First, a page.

Friday, April 22, 2016

We Need More Reagan, Not Less

Had A "Reaganite" Plan

Executed the Plan

In a recent op-ed, David Brooks claims that what he calls the "post-Trump" Republican party will have to reject Reaganism in favor of a new organizing philosophy. While Brooks admits that the "Reagan orthodoxy" was "right for the 1980s," he also claims that this template is "increasingly obsolete."  In particular, Brooks claims that: "[t]he Reagan worldview was based on the idea that a rising economic tide would lift all boats.  But that's clearly no longer true." Analogizing to Thomas Kuhn's work on scientific revolutions, Brooks observes that today's Republicans "are still imprisoned in the Reaganite model . . . ask Reaganite questions [and] propose Reaganite policies." Because the Reaganite model no longer works, Brooks says, conservatism is in a crisis state and must develop a new model.   Among other things he suggests that conservatives turn away from economic theory and embrace Sociology because, in his words: "Homo economicus is a myth and conservatism needs a worldview that is accurate about human nature."

Brooks' assessment of modern Republican ideology rests upon a crucial assumption, namely, that a robustly rising economic tide does not lift all boats.  However, he offers no evidence to support this assumption.  To be sure, the current economic recovery has left out millions of Americans.  Some cannot find jobs and others must work two or more part-time jobs to make ends meet.  Total employment rose a mere 10 percent from 2009 through 2014. Median household income, is still below what it was in 2008, and poverty rates are still higher. In 2015, the United States experienced its 10th straight year of economic growth below 3 percent, apparently a record, though not the sort of record that any country brags about.  (GDP growth in 2015 was 2.4 percent.)

Still, these data shed no light whatsoever on the "Reagan worldview," or the usefulness of "Reaganite policies" derived from economic theories assuming that human beings are rational actors that respond to incentives.  In March, 1983 President Reagan, who had majored in Economics, predicted that his policies across-the-board tax cuts (inspired by John F. Kennedy), reduced regulation and free trade would produce an economic recovery that would be "powerful and sustained."  (The second photo above depicts President Reagan signing the Economic Recovery Tax Act of 1981.)  He was correct. Between 1983 and 1988 (inclusive), the economy grew at an annual average rate of 4.6 percent, more than twice the rate of growth during this most recent recovery. During the same period median real household income rose 10.9 percent and rose another 1.8 percent in 1989. The economy added 17,913,000 jobs, increasing total employment by 20.1 percent, twice the rate of the current recovery.  Exports skyrocketed as more productive U.S. industries won new markets abroad.  Tax relief allowed Americans in all economic classes to keep more of their income. Rules indexing the standard deduction and tax brackets for inflation preserved the value of the deduction and protected low and middle income taxpayers from the sort of "bracket creep" that had pushed Americans of modest means into higher tax brackets in the late 1970s.  A significant portion of the tax burden shifted from the middle class to those in the "top one percent" of the income distribution.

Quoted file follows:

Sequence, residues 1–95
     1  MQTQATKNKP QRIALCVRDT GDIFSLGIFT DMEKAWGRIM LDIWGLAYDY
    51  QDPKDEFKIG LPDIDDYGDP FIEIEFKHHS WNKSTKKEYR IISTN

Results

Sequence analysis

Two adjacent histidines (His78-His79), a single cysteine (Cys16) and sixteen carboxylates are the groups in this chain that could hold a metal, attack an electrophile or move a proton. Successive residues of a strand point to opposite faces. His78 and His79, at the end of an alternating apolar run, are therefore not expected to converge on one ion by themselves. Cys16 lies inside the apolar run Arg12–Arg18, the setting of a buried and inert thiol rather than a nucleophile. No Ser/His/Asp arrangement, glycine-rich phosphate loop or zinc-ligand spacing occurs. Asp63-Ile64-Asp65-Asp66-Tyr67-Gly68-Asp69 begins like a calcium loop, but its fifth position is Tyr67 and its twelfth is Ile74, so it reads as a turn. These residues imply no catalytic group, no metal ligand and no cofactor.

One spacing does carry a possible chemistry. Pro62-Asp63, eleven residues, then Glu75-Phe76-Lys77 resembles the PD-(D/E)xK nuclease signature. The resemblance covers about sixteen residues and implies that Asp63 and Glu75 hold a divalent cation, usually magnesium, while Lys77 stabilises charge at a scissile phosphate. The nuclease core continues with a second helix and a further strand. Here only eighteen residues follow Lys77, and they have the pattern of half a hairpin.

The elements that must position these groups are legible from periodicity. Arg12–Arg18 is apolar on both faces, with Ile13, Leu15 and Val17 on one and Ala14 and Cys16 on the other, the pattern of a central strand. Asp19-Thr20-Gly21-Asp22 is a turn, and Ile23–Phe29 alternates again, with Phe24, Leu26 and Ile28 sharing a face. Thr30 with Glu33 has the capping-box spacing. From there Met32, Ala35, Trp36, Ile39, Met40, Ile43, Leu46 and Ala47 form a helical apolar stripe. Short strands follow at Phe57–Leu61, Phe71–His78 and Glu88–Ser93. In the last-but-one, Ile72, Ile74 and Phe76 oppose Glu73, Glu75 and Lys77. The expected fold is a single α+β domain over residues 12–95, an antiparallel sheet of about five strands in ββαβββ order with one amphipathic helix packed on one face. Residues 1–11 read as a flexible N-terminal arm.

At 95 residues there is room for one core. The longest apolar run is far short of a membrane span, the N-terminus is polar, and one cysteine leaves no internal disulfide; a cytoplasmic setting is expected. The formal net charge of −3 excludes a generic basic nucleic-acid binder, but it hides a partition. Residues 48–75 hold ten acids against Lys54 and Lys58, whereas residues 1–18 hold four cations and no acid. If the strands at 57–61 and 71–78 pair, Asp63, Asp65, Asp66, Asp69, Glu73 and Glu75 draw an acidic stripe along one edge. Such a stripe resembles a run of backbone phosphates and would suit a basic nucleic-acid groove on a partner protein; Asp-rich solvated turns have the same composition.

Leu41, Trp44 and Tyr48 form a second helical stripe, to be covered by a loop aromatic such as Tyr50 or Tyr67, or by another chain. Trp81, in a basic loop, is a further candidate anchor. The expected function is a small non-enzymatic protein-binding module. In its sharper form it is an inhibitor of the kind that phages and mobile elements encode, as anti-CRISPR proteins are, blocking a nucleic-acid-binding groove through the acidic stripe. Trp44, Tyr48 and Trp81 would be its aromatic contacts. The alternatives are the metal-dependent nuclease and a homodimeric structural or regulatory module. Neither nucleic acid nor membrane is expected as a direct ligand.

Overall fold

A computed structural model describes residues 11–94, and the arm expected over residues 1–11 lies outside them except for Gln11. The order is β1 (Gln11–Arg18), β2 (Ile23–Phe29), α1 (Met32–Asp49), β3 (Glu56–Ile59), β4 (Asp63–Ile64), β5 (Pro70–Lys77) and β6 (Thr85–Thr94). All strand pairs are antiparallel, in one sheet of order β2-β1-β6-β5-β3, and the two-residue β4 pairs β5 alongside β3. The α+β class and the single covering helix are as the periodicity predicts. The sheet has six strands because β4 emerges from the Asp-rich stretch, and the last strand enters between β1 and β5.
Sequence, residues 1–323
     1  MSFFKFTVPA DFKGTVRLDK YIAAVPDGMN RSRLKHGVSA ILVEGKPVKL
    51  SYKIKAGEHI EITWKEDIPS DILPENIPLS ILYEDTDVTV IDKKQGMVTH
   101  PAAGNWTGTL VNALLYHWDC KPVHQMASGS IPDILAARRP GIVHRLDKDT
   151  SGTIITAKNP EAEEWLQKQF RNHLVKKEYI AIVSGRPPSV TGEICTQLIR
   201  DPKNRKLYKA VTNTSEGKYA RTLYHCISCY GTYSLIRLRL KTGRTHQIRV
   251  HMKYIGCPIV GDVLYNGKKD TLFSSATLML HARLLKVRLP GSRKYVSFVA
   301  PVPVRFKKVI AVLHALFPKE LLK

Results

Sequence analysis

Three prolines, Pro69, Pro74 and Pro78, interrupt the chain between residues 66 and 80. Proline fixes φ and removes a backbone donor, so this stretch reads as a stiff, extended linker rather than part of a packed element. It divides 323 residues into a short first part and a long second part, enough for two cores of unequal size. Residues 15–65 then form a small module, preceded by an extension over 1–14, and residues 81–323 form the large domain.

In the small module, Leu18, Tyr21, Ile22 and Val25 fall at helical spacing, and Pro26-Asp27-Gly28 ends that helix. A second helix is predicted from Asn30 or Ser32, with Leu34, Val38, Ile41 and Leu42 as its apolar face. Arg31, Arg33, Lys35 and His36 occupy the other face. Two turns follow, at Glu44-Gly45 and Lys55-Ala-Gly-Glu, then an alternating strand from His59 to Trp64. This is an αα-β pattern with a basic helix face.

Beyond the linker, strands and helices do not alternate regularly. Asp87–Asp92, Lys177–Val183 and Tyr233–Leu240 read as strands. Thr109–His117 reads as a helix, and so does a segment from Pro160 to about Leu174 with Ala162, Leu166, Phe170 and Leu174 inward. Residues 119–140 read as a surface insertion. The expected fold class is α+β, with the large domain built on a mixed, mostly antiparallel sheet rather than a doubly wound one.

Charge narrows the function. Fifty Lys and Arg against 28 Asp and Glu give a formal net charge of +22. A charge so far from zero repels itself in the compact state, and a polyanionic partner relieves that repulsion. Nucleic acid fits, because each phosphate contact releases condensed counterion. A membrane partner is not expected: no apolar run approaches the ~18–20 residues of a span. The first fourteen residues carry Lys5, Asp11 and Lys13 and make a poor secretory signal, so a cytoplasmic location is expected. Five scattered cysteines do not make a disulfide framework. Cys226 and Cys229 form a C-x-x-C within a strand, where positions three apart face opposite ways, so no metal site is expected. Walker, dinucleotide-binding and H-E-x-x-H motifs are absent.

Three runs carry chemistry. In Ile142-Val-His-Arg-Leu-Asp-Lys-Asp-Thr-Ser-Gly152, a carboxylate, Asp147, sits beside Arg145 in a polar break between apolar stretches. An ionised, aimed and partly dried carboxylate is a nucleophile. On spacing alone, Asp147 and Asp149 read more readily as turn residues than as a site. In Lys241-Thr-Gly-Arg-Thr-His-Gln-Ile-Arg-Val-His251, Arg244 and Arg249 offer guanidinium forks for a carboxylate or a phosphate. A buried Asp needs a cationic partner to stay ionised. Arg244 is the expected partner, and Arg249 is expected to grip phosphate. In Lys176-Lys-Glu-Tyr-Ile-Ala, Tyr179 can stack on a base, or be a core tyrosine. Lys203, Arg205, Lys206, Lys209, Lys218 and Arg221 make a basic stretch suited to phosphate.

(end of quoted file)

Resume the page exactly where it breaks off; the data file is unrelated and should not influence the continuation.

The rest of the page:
None of this is to say that the Reagan recovery improved the lives of each and every American.  Still, the difference between that recovery and the most recent one is stark indeed. It is little wonder that, less than two years into the Reagan recovery, the American people resoundingly reelected President Reagan in a landslide, i.e., 49 of 50 states and nearly 59 percent of the popular vote.  In so doing the voters rejected former Vice President Mondale's platform of higher taxes, Trump-like economic protectionism and more intrusive federal regulation.  The economy continued to grow into 1990, thus constituting the longest peacetime expansion in U.S. History.

This blogger believes that most Americans would be thrilled by an economic recovery similar to that which occurred between 1983-1990.  Any decision to reject the "worldview" that helped produce that recovery should be based on sound argument and hard evidence, not cavalier speculation.  We need more Reagan.  Not less.